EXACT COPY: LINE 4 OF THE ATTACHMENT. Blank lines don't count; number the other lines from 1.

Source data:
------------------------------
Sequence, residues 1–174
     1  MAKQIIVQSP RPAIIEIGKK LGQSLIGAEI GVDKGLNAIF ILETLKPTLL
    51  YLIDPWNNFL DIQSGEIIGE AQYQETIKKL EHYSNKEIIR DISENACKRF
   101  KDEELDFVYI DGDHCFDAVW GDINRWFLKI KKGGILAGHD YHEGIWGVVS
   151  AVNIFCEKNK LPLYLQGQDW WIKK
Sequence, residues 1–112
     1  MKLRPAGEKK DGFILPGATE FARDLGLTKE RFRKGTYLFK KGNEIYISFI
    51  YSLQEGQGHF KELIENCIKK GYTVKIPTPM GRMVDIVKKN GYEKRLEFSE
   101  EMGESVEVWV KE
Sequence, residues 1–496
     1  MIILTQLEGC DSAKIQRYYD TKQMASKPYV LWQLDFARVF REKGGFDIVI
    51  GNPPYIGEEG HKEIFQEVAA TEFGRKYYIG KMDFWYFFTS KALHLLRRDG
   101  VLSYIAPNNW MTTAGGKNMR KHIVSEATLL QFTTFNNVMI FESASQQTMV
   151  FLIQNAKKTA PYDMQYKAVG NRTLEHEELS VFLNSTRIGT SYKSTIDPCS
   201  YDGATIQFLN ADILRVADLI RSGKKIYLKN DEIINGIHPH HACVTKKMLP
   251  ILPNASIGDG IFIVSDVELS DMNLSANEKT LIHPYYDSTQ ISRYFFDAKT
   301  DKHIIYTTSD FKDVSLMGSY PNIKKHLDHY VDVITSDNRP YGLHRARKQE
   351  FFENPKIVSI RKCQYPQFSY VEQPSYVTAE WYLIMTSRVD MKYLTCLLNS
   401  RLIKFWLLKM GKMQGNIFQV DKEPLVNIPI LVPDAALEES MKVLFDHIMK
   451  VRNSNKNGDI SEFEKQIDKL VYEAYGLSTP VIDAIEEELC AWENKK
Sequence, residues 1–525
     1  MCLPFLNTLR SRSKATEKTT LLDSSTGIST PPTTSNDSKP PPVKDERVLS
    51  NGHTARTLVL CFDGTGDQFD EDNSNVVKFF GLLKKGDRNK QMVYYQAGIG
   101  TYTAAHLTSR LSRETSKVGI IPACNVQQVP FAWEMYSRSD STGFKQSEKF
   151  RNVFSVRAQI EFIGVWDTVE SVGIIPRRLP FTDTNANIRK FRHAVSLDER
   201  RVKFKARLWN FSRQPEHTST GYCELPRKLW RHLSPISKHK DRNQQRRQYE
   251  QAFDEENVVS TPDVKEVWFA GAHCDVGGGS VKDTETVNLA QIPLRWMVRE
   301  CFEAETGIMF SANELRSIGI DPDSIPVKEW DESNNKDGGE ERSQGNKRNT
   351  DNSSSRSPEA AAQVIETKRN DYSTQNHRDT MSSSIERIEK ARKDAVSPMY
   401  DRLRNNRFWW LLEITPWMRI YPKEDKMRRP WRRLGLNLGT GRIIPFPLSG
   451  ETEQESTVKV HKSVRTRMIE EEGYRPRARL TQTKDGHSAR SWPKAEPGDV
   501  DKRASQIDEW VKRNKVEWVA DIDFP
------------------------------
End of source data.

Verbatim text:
   101  KDEELDFVYI DGDHCFDAVW GDINRWFLKI KKGGILAGHD YHEGIWGVVS